Center for Creative Photography

The University of Arizona Center for Creative Photography will host the North American premiere of “The Linda McCartney Retrospective” from Feb. 25 to Aug. 5. The exhibition celebrates McCartney’s 30-year, barrier-breaking career, as well as her connection to Tucson.

McCartney’s photographs are true to how she experienced life, from the extraordinary photos of her time in Tucson to pictures of the dynamic music scene of the 1960s to images of her domestic life in London. In 1968, she became the first female photographer to have her work featured on the cover of Rolling Stone, with her photo of Eric Clapton.

Linda. New York, 1967  
© Paul McCartney / Photographer: Linda McCartney

“The University of Arizona is thrilled to host the North American premiere of this extraordinary exhibit,” said University of Arizona President Robert C. Robbins. “In addition to exposing the public to Linda McCartney’s iconic work, this collection will allow our students and faculty throughout the university to learn from her innovative creative process and devotion to important societal issues.”

Jimi Hendrix. London, 1967. Credit: © Paul McCartney / Photographer: Linda McCartney

The exhibition will include nearly 200 pieces, divided into three broad groupings. “Artists” will include the wide range of portraits McCartney took of cultural and musical icons, including Jimi Hendrix, The Beatles and Aretha Franklin. These images often captured the vulnerability of future legends in their early days. “Family” will feature images of McCartney’s most intimate relationships, documenting her view of domestic life after moving to London with her family. “Photographic Exploration” will showcase McCartney’s many experiments with photographic processes, including never-before-exhibited screen prints and a wall of Polaroid prints.

Paul McCartney and renowned photographer, and Linda and Paul’s daughter, Mary, have curated the exhibit in partnership with the Center for Creative Photography. Reflecting on Linda’s work, Paul commented, “Linda carried a camera with her most of the time capturing images in an instinctive way which left her subjects feeling totally comfortable with the process. She loved to explore and found ways to make her art joyous and innovative at the same time.”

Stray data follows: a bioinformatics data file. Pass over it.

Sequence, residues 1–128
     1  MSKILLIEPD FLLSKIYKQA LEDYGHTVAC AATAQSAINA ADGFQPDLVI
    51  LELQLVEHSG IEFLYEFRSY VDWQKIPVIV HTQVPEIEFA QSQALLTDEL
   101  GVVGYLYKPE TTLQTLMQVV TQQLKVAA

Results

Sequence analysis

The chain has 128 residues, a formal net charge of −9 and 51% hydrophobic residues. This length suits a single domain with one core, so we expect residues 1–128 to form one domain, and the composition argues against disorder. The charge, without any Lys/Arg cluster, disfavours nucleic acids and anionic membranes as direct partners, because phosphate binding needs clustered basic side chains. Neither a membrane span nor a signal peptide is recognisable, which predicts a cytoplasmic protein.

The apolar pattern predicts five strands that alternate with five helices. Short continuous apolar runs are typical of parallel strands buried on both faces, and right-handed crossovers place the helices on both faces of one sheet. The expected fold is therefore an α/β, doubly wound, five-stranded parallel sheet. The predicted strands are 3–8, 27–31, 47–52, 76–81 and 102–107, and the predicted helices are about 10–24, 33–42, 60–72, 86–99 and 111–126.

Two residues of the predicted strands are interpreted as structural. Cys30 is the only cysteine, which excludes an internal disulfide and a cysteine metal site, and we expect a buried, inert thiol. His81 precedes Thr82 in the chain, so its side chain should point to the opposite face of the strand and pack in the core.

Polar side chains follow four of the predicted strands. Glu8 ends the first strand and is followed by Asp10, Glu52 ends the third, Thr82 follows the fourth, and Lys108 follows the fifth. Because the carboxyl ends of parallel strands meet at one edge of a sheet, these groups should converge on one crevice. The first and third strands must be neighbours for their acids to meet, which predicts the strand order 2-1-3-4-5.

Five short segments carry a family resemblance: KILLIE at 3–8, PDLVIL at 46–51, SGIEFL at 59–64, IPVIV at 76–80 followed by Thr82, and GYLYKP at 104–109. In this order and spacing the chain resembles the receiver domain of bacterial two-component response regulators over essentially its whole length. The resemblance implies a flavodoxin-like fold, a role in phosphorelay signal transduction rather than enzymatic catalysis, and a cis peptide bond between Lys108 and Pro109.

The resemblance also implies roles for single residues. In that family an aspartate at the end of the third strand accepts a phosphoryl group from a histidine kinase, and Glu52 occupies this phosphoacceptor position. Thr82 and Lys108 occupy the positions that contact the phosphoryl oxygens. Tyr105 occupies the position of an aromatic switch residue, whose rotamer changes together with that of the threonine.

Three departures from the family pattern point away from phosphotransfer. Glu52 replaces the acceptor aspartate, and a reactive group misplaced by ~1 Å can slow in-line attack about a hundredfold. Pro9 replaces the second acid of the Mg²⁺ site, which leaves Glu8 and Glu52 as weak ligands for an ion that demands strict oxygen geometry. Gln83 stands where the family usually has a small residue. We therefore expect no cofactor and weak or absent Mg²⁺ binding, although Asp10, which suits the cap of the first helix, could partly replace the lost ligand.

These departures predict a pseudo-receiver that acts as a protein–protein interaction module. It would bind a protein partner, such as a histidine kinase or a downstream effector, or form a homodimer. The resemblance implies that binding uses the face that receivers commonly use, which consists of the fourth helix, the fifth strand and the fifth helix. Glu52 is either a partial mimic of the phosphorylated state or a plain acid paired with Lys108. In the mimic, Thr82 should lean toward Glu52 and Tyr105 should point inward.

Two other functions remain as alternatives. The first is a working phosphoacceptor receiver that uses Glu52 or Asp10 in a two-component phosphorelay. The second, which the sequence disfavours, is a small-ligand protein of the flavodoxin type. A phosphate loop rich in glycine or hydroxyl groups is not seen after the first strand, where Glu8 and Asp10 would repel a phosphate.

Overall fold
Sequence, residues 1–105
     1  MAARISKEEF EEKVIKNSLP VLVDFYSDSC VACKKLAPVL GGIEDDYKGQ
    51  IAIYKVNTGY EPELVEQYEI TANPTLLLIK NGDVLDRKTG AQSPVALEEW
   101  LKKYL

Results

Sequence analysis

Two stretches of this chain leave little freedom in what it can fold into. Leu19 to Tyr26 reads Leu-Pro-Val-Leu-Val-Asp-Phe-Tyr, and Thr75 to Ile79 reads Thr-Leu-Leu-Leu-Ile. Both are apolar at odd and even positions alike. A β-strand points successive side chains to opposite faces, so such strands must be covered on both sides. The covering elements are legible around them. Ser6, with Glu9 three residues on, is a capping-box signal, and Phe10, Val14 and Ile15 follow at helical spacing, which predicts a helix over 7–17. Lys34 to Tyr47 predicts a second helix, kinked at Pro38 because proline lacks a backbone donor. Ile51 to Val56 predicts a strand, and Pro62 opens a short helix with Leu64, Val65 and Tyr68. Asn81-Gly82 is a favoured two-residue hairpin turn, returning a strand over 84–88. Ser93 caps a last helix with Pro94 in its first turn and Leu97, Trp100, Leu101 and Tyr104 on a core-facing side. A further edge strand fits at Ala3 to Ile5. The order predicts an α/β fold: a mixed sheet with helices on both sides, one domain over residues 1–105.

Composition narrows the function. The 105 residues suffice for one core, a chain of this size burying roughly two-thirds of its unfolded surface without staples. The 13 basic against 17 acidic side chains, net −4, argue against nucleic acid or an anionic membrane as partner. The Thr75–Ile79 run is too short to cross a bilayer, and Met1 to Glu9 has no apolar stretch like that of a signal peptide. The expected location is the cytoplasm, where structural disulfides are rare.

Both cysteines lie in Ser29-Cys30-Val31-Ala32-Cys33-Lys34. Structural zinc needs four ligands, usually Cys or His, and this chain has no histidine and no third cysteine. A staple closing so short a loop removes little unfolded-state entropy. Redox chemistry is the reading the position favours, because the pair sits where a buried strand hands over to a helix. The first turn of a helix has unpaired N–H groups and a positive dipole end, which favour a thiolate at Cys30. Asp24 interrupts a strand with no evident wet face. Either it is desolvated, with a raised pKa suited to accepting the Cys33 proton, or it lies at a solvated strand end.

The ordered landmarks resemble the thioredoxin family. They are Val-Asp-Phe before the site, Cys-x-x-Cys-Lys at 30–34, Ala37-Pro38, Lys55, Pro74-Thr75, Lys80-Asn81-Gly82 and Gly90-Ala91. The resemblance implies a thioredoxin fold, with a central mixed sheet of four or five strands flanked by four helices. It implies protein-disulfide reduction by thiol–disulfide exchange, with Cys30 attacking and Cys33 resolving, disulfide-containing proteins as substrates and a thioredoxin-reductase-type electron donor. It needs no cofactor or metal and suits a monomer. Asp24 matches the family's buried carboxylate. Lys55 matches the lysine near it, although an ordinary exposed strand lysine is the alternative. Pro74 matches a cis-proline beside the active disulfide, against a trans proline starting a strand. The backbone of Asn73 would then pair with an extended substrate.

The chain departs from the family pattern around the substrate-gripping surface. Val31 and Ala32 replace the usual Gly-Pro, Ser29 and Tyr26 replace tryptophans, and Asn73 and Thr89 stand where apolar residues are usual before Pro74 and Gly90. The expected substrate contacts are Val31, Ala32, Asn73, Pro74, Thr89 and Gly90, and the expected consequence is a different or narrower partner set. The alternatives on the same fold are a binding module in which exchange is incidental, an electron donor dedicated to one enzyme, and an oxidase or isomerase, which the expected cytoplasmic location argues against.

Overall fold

Linda McCartney took up photography as a hobby while attending the University of Arizona in the early 1960s, taking her earliest photos with Tucson’s Sonoran Desert as a backdrop. The family has never forgotten its connection to the community. In 1979, the McCartneys purchased a ranch on Tucson’s northeast side where Linda would eventually spend her final days.

UArizona students will have significant opportunities to engage with the McCartney collection through musical performances, lectures and more. The programming will address issues important to McCartney and reflected in her work, including creative arts, sustainability and animal rights. The Center for Creative Photography plans to collaborate on innovative experiences with students and faculty working and studying in areas including music, public humanities and architecture.

“Although Linda McCartney is known in photography circles for her role in music photojournalism, this exhibition demonstrates her strengths in other genres and reveals her experimentation and range,” said Andy Schulz, UArizona vice president for the arts and dean of the College of Fine Arts. “We’re delighted to play a role in expanding audiences’ understanding of her many contributions to the photographic medium.”

Sgt. Pepper’s Press Launch. London, 1967. Credit: © Paul McCartney / Photographer: Linda McCartney

The Center for Creative Photography is a fitting home for the exhibit’s North American premiere. The center collects, protects and promotes the importance of photography – which McCartney succeeded in doing during a transformational time for the medium.

“Linda’s work is at once iconic and familiar, giving her viewers both a sense of awe and connection to family, place and community,” said Staci Santa, interim director of the Center for Creative Photography. “Experiencing this exhibit will give people a feeling of connection to timeless history, loving relationships and home.”

The center houses the work of more than 2,200 photographers, including co-founder Ansel Adams, David Hume Kennerly, W. Eugene Smith and Lola Álvarez Bravo.

“The Linda McCartney Retrospective” will be free and open to the public. Details on a grand opening event will be released in the future.

Originally published in UA News by University Communications on Oct. 20, 2022. See the original story here.

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